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Marquette Wire

The student news site of Marquette University

Marquette Wire

The student news site of Marquette University

Marquette Wire

“Gen Z goes to college” looks to bridge generation gap

The book club currently has around 40 members of campus faculty and staff signed up to participate.

Marquette Staff Senate introduced a book club revolving around “Gen Z Goes to College,” a book aiming to educate educators on the university-aged generation.

The group had its first meeting March 27 to discuss the first selected section of the book written by Corey Seemiller and Meghan Grace. The club will have its second meeting April 11, followed by its final meeting featuring a virtual visit from Dr. Seemiller to further discuss the contents of the book April 25.

Staff Senate communications subcommittee co-chair Calley Hostad came up with the idea for the book club, citing the contents of the book as an important learning tool to communication with students, as well as an opportunity to start a dialogue.

“I think that there is a lot of value in after reading something, being able to discuss it with someone else,” Hostad said. “We all bring our own particular viewpoints and our own backgrounds and experiences to what we’re reading or learning and so I think having the opportunity to then discuss it with others is just a really helpful thing. I think it builds empathy.”

The books main points include motivation, preferred learning styles and how students engage with peers. The book also talks extensively about social media use and the emergence of technology in Gen Z students lives.

For Staff Senate subcommittee co-chair Kirsten Boeh, this book club is an opportunity to further her learning and advance herself professionally, applying these teachings to her job as communications coordinator in the College of Arts & Sciences.

“I can only do do my job well if I can communicate to Gen Z. If I can’t explain why Arts and Sciences are important to people who are 16 to 25 years old, I can’t do my job,” Boeh said. “My goal is to provide a forum to bring people together that wouldn’t necessarily meet each other and sit down at a table in a small group and share personal experiences and reflect on a topic that they maybe don’t know a lot about yet.”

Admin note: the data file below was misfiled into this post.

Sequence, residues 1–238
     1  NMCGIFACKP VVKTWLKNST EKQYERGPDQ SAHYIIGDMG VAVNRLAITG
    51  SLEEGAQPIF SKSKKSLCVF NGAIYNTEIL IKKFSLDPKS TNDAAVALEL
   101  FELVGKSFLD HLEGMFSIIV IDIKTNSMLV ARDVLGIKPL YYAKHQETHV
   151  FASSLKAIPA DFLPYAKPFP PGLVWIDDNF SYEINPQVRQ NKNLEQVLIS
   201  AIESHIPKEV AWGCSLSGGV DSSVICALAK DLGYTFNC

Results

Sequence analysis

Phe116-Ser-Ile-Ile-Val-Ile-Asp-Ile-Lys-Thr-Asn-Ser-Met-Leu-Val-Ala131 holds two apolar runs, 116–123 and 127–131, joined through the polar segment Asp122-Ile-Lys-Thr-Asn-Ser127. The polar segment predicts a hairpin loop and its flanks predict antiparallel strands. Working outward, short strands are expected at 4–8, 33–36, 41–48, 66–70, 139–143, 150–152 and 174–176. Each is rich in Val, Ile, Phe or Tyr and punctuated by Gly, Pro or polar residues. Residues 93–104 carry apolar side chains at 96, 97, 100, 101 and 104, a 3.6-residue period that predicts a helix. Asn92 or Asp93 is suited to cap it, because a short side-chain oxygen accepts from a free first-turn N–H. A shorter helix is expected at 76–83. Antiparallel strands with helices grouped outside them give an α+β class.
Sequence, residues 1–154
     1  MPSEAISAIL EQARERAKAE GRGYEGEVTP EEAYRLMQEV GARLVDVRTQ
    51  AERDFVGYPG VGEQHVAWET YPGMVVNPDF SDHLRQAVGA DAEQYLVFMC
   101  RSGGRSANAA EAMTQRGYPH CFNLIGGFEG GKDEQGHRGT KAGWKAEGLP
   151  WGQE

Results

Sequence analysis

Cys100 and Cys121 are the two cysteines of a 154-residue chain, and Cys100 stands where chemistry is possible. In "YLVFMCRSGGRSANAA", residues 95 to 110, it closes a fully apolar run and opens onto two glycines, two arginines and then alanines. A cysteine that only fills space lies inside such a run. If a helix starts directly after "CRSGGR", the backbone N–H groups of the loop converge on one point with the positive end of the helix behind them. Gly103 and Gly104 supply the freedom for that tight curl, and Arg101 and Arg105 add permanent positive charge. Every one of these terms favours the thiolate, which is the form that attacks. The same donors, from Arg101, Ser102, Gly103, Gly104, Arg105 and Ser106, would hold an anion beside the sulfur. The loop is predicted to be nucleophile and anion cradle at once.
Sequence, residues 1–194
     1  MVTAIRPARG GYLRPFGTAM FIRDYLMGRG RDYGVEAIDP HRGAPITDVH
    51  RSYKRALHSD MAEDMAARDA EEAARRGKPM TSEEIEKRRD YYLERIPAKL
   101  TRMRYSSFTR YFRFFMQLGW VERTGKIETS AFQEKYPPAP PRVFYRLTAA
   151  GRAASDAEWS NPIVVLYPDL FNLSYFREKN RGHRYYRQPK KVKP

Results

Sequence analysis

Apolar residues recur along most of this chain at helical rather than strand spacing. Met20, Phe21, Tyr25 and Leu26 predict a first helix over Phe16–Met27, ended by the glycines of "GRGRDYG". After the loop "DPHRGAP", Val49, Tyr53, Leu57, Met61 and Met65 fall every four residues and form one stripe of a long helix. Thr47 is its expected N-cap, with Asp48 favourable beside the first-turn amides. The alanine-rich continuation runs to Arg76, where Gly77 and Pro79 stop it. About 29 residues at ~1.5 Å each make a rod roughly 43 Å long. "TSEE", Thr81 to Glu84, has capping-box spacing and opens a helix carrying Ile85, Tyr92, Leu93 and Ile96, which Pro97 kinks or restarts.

For Christine Fleming, Staff Senate secretary, this is also an opportunity to learn more about the students she works with in her job as manager of community engagement at the Haggerty Museum of Art.

“I think there are interesting sort of stereotypes for different generations across the board and I’ve chatted with quite a few of my student interns about that,” Fleming said. “But then to bring that to the students that I personally know and work with at Marquette to see if they agree, to see how those stereotypes are sort of assumptions about generations actually play out. I think there’s there’s always two parts, there’s what history records and then what people actually see and live through.”

In an excerpt from Seemiller and Grace’s book “Generation Z: A Century in the Making,” the duo describe an experience from a 2013 summer orientation, noticing students having been more engaged in talking about involvement than in years past. The authors made special mention of students interest in participating in social change programs.

The book club currently has around 40 members of campus faculty and staff signed up to participate. Anyone can join and learn more about the current generation of college students through analysis and discussion. Free digital copies are available through the library.

“I recall more in the good times and conversations with friends or colleagues as opposed to the books themselves. I also see that perhaps this will be some community building across departments,” Hostad said. “I’m excited to see the range of people who have signed up for the book club. We have some from academic departments, someone from admissions and just across campus and so I get excited when I see names that I don’t know simply because it’s not opportunity to meet someone else who is working here.”

This story was written by Kevin Fitzpatrick. He can be reached at [email protected]

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